Homes previously considered as less at risk of flooding face new danger due to climate change

"Where it can rain, it can flood."

Millions of Americans across the country faced devastating flooding from Hurricane Ida this week and are grappling with the risks a new reality poses to their homes.

With more humans building into nature, the fragile interface between weather extremes and the comfort of our homes is becoming more frequent. More than ever, it's clear that climate change is impacting everywhere we live.

Climate risk nonprofit First Street Foundation has found that 14.6 million American properties are at risk of flood. Six million of those don't make it on Federal Emergency Management Agency standards maps.

Joe Tirone was one of hundreds in Staten Island who lost their home in Superstorm Sandy in 2012. It's hard to imagine that where a marsh stands now, there were once several streets full of homes.

He was part of one of the biggest post-storm buyouts in history -- meaning he got reimbursed for the full value of his home.

PHOTO: First responders pull local residents in a boat as they rescues people trapped by floodwaters after the remnants of Tropical Storm Ida affected parts of the northeast in Mamaroneck, New York, Sept. 2, 2021.
First responders pull local residents in a boat as they perform rescues of people trapped by floodwaters after the remnants of Tropical Storm Ida brought drenching rain, flash floods and tornadoes to parts of the northeast in Mamaroneck, New York, Sept. 2, 2021.
Mike Segar/Reuters

"You're getting federal money, but it's run by the state," he explained. "It's a little bit complicated, but a miracle. ... No other place had done that."

Since then, he's led a push for more transparency, saying people need to know if a home they're going to buy has a chance of flooding. He pointed to the ability to see a pre-owned car's history before buying.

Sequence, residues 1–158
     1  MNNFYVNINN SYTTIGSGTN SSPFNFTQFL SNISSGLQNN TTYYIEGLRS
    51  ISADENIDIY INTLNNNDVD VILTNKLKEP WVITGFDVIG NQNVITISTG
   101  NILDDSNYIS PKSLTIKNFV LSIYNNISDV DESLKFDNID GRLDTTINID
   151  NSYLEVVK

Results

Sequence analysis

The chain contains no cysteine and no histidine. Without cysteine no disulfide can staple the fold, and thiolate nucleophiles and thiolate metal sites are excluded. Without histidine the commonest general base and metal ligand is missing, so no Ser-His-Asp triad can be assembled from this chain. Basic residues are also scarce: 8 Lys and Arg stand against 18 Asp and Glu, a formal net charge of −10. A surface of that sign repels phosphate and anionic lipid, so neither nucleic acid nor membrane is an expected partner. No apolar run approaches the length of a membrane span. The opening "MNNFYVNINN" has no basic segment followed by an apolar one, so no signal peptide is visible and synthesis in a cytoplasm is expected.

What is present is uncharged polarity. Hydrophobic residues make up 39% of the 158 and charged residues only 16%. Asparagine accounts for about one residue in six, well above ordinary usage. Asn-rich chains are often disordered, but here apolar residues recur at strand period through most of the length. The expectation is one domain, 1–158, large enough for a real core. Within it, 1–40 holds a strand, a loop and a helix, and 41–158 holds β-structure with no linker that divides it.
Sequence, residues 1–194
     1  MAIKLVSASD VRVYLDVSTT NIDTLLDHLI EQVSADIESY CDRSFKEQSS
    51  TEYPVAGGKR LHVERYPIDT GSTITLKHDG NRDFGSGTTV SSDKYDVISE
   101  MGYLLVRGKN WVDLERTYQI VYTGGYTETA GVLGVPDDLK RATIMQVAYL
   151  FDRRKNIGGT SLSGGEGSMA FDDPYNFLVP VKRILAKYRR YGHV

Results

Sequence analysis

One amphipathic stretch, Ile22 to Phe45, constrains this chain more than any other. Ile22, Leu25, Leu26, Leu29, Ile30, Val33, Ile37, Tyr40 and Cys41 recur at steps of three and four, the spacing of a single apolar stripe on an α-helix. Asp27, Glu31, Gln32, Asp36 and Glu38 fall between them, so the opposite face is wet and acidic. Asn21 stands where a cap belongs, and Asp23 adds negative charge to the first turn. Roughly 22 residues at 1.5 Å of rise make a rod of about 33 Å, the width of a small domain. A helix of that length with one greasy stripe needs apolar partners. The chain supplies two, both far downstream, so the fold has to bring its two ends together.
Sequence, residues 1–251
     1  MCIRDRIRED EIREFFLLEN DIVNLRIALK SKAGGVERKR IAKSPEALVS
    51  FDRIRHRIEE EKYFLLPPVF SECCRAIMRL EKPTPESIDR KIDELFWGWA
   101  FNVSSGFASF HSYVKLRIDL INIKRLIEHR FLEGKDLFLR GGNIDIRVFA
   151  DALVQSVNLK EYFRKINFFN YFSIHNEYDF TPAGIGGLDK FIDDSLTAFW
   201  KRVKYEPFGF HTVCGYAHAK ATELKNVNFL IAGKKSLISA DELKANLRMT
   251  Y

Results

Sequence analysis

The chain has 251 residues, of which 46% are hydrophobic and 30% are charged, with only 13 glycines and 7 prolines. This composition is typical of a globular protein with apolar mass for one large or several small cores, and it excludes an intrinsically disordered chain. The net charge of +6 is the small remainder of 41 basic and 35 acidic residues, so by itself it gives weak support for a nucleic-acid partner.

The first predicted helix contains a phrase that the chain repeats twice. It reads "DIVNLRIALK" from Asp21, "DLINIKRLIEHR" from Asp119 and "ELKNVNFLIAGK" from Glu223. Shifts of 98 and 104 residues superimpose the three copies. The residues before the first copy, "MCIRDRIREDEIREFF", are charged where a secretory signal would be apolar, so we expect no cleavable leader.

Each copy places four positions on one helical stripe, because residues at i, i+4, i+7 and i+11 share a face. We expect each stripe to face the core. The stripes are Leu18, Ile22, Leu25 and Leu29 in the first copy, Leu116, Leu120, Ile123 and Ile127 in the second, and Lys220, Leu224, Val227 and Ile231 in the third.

"Why isn't there a Carfax for houses? And that got me on a roll where I felt that there really should be more advocacy for homeowners or buyers," Tirone said. "As a realtor for over 20 years, I believe that we bring a lot of value to any transaction. So to me, it makes perfect sense for us to be the gatekeepers there as far as flood disclosure is concerned."

Michael Lopes, communications director at the First Street Foundation, said homes at risk of flooding can be at inland or "very high elevations ... places in the Pacific Northwest, places that people had never really thought of as being at significant flood risk."

People remove flood-damaged merchandise from the a store that was flooded after the remnants of Tropical Storm Ida brought drenching rain, flash floods and tornadoes to parts of the northeast, in Mamaroneck, N.Y., Sept. 2, 2021.
Mike Segar/Reuters

"The flooding we saw in Tennessee and in Kentucky was shocking to people who just never really experienced this kind of flooding before," he said.

First Street Foundation takes a step beyond FEMA when assessing whether or not a particular property will flood. They factor in climate change.

"We're using the 4.5 curve, kind of a middle-of-the-road curve, not the most dramatic, not the least trying to give a sense of how that risk is changing over time," he said. "Something like heavy rainstorms are just becoming more frequent."